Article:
In his first international trip since winning a second term, President Bush heads to an Asia-Pacific summit in Chile with a full agenda that will shape America's future economic and national security.
The top issues for leaders gathering in Santiago on Saturday and Sunday at the Asia-Pacific Economic forum include the economy, terrorism, nuclear proliferation, immigration, and trade.
"The president will be traveling there to demonstrate our strong commitment to engagement with the Asia-Pacific region," said White House spokesman Scott McClellan. "APEC represents nearly half of the world's population, 60 percent of world GDP and nearly half of world trade."
The summit offers the president an opportunity to meet face-to-face with world leaders. He plans to host bilateral meetings with the leaders of Canada, Chile, China, Japan, Mexico, South Korea, as well as others, according to White House aides.
North Korea nukes
One of the largest security threats to the region beyond terrorism is nuclear proliferation in North Korea.
A senior administration official said North Korea's nuclear programs will be "at the top of the agenda" as the president meets with South Korean President Roh Moo-Hyun, Chinese leader Hu Jintao, Japanese Prime Minister Junichiro Koizumi, and Russian president Vladimir Putin.
"This is an opportunity to use the meetings to start getting down to the business of getting North Korea to give up its weapons programs," the official said, who briefed the media on condition of anonymity.
The North Korean nuclear issue has been a main topic at previous APEC summits, but Pyongyang has ignored appeals to abandon its nuclear weapons programs.
Two years ago at Los Cabos, Mexico, the 21 APEC leaders called for a nuclear-free Korean peninsula. They also agreed that North Korea's security concerns should be answered.
Diplomats are eager to jumpstart talks with North Korea after negotiations stalled after the last round of meetings in June. North Korea has said it won't return to the table until the U.S. changes what it calls a "hostile policy."
China and South Korea have been urging the United States to take a more flexible approach to North Korea and make some concessions.
Traveling in Los Angeles on Nov. 12, the South Korean president warned the U.S. that taking a hard line over North Korea's nuclear weapons program would have "grave" consequences.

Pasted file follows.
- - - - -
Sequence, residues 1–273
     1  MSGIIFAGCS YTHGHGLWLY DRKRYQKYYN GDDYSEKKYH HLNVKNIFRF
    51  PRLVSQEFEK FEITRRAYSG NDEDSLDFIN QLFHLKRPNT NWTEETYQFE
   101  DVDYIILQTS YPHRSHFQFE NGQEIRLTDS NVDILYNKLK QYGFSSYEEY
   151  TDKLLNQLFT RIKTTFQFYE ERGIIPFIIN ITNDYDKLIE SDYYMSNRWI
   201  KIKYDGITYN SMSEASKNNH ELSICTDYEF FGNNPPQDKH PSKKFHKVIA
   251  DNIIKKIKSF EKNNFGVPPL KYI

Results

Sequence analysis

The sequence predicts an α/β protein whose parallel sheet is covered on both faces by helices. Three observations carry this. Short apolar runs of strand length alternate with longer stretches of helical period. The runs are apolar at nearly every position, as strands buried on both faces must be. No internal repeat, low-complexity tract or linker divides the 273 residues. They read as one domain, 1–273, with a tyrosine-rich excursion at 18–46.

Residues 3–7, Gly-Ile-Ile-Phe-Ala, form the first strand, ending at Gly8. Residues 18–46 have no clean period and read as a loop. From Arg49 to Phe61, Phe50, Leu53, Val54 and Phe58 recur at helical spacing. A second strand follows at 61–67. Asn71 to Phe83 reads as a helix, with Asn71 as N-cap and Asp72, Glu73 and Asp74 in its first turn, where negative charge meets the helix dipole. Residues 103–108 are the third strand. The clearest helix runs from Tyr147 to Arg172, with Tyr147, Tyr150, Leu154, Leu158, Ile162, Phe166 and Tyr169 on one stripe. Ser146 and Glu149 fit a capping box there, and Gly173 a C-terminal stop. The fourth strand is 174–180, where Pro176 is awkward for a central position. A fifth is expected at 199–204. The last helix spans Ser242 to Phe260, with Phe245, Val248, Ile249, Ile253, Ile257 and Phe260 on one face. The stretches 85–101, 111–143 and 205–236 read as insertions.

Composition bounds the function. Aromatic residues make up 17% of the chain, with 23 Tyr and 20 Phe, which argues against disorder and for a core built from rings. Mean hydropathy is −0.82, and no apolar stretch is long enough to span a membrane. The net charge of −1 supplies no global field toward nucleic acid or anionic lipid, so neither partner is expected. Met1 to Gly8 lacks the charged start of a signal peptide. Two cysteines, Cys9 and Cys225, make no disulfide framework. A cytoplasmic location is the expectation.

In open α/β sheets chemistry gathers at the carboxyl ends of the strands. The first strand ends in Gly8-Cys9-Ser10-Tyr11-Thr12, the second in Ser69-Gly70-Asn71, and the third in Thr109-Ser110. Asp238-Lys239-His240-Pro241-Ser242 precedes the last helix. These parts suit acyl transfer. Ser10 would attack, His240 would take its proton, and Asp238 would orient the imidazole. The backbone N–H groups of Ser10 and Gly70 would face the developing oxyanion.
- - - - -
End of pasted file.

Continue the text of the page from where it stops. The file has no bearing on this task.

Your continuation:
The White House did not express concern at Roh's comments.
"The key now is to get the North Koreans to respond to the proposal that we, the U.S., put forward in the last session, which is a proposal for how we'd resolve this in a way that eliminates all the programs — uranium, plutonium — and also opens up possibilities for [the North Koreans] to enjoy better relations not only with their neighbors, but with us," the official said.
Immigration from Mexico and the economy
The president also plans to revive his immigration initiative when he meets with Mexican president Vicente Fox. Bush had pledged to expand a guest-worker program between the U.S. and Mexico, but talks broke down after the Sept. 11, 2001, terrorist attacks.The president meets with Fox on Sunday.
Bush's top political advisor, Karl Rove, has said the president's plans to try once again and push his plan through Congress. It failed to pass last year because of opposition from conservatives in the president's own party.
Some APEC leaders have also signaled they intention to flag the record U.S. deficit, which is expected to exceed $600 billion this year.
Upon departing Chile, the president will travel to Cartagena, Colombia, to meet with Colombian President Alvaro Uribe.
A senior administration official said the president "looks forward to discussing with President Uribe the many ways the United States and Colombia are working together as close allies to protect and promote democracy, human rights and the rule of law, fight terrorism and drug trafficking, and promote prosperity through economic growth and opportunity."